Sources close to President Reuven Rivlin said Tuesday that "the right choice in his eyes is a unity government that will be a strong government; however, if the sides are not interested in this he will not force it."
The sources added that according to the exit polls, "the president reads and understands that Netanyahu has the ability to form a coalition very quickly."
With exit polls
putting the Likud and the Zionist Union in a tie with roughly 27 Knesset seats each, the political process of coalition building now begins for Likud leader Benjamin Netanyahu and Zionist Union's Isaac Herzog, who both hope to attain a majority of 61 Knesset seats or higher.
Head of the Kulanu party, Moshe Kahlon received phone calls from both Netanyahu and Herzog who attempted to secure his endorsement for the post of prime minister. Kahlon, who exit polls gave around 10 seats and is poised to be kingmaker, said he would not commit to either side - waiting for the final results to come in.
Kahlon said he would recommend to President Rivlin whichever candidate chooses a social agenda. I said this throughout the campaign. Netanyahu and Herzog asked to speak to me. I did not initiate the talks – I am waiting for the final tallies. We will wait, and then speak."
He added: "I will sit in a social government that will provide an answer for the crises facing the public. It is unfortunate that the small factions almost collapsed. As has been said before – there is no middle class."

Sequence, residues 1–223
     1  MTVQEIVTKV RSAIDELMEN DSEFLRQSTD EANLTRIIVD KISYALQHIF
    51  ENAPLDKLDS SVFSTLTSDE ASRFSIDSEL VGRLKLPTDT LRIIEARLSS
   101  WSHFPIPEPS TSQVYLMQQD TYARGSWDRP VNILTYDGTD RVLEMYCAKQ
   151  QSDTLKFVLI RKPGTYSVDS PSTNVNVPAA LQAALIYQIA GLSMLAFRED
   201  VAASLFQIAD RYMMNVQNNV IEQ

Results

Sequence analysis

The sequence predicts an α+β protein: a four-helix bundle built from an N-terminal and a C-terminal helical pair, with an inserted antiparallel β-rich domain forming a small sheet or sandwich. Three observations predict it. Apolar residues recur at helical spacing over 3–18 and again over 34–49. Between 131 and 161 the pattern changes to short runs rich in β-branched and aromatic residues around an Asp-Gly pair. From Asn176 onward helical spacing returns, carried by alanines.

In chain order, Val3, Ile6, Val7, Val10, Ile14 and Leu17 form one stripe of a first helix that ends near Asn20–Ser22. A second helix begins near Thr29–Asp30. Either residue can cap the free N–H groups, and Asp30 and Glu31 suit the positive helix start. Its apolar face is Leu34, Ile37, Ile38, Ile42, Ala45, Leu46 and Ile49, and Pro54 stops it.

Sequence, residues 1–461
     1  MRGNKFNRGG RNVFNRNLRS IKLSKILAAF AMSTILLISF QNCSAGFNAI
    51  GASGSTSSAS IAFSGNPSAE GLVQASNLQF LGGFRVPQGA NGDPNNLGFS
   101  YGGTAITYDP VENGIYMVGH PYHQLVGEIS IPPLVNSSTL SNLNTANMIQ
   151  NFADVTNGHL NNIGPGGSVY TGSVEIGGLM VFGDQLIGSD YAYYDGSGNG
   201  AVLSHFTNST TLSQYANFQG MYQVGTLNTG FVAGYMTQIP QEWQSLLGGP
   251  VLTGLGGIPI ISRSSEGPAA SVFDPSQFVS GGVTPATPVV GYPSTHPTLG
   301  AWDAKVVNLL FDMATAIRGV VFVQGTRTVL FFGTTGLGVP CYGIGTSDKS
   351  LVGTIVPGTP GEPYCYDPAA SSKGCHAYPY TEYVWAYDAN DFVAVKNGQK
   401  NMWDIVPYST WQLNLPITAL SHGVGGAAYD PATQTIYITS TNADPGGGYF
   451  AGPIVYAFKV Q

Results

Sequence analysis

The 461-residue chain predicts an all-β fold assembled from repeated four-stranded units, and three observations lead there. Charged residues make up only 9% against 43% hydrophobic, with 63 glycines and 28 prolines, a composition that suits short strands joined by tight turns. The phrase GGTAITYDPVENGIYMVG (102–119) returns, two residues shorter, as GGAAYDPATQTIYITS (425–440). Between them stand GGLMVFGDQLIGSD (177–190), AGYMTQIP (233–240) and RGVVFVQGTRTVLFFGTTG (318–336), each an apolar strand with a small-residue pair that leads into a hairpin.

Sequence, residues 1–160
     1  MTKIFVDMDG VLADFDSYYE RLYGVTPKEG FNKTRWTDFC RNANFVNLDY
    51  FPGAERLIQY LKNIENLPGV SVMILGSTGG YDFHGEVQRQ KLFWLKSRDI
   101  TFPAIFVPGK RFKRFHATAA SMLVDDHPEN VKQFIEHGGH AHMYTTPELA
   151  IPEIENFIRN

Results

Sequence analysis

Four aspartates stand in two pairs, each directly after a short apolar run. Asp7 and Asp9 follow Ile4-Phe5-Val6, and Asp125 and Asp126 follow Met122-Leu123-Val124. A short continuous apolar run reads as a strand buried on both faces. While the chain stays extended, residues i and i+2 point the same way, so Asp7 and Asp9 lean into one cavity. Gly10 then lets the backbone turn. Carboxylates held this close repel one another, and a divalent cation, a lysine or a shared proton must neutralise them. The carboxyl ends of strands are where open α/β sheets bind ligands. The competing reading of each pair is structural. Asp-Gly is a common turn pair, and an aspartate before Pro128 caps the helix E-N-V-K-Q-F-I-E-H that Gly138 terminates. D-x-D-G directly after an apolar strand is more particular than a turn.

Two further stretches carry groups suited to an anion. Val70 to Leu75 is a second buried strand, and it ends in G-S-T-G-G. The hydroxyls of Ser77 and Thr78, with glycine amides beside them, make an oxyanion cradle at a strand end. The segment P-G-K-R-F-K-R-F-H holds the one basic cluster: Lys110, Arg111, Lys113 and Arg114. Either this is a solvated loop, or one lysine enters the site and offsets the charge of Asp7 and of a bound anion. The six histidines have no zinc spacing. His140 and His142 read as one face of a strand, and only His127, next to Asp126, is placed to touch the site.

Israelis vote for parties, not individual candidates. No party has ever won a majority in the 120-member parliament, so after an election, it can take weeks of negotiations to form a governing coalition.
Several smaller centrist and religious parties that have not pledged support for either Netanyahu or Herzog will likely tip the scales to determine who will become prime minister.
Exit polls set Kahlon to be kingmaker along with Yesh Atid's Yair Lapid – who has already hinted he will throw his support behind Herzog.
Another force in the process is Shas – an ultra-orthodox party with Sephardic voters. The party has historically gone right, but its strong focus on social and welfare issues could send it Herzog's way.
Both Netanyahu and Zionist Union leader Isaac Herzog both called Shas leader Aryeh Deri on Tuesday evening to request a meeting to discuss a future coalition.
Deri agreed to meet with Netanyahu on Wednesday and to speak with Herzog on Wednesday. However he refused to meet Netanyahu Tuesday night, like the incumbent prime minister had wanted, indicating he is reluctant to support the Likud leader for the top spot.
Netanyahu also called Bayit Yehudi chairman Naftali Bennett after the publication of the exit polls. During the election, Bennett and Netanyahu fought over right wing votes, but have remained committed to one another.
On the phone, Bennett congratulated Netanyahu for winning the election and the two agreed to begin negotiations to form a right-wing government.
Before casting his own vote Netanyahu said "My first phone call will be to Bennett so he would form a national government with me, a bloc of the national camp."
The Zionist Union responded to exit polls and said that despite being tied with the Likud they would work to form the next government.
"The Likud is mistaken – the right wing bloc has shrunk. Everything is still open until the final results, only then will we be able to know which parties actually passed the threshold and we'll know what government can be formed," they said in a statement.
"Our negotiation team to form the next government with Herzog at its head is already being formed," they said, adding that talks will begin soon.